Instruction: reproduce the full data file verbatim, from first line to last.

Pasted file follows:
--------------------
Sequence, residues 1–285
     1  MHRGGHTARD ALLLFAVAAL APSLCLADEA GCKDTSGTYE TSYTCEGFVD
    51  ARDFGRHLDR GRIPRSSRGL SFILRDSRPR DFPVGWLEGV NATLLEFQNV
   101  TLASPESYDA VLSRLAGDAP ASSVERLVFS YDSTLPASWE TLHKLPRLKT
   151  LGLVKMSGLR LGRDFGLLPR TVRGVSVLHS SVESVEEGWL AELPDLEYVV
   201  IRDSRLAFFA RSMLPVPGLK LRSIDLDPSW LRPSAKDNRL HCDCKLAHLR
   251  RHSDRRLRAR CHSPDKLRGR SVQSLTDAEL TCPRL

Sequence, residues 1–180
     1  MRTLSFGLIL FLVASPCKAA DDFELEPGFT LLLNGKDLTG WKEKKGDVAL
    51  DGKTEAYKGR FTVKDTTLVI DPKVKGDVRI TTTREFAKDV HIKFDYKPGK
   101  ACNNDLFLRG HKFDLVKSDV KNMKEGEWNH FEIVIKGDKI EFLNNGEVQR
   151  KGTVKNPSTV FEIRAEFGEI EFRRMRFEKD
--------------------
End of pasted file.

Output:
Sequence, residues 1–285
     1  MHRGGHTARD ALLLFAVAAL APSLCLADEA GCKDTSGTYE TSYTCEGFVD
    51  ARDFGRHLDR GRIPRSSRGL SFILRDSRPR DFPVGWLEGV NATLLEFQNV
   101  TLASPESYDA VLSRLAGDAP ASSVERLVFS YDSTLPASWE TLHKLPRLKT
   151  LGLVKMSGLR LGRDFGLLPR TVRGVSVLHS SVESVEEGWL AELPDLEYVV
   201  IRDSRLAFFA RSMLPVPGLK LRSIDLDPSW LRPSAKDNRL HCDCKLAHLR
   251  RHSDRRLRAR CHSPDKLRGR SVQSLTDAEL TCPRL

Sequence, residues 1–180
     1  MRTLSFGLIL FLVASPCKAA DDFELEPGFT LLLNGKDLTG WKEKKGDVAL
    51  DGKTEAYKGR FTVKDTTLVI DPKVKGDVRI TTTREFAKDV HIKFDYKPGK
   101  ACNNDLFLRG HKFDLVKSDV KNMKEGEWNH FEIVIKGDKI EFLNNGEVQR
   151  KGTVKNPSTV FEIRAEFGEI EFRRMRFEKD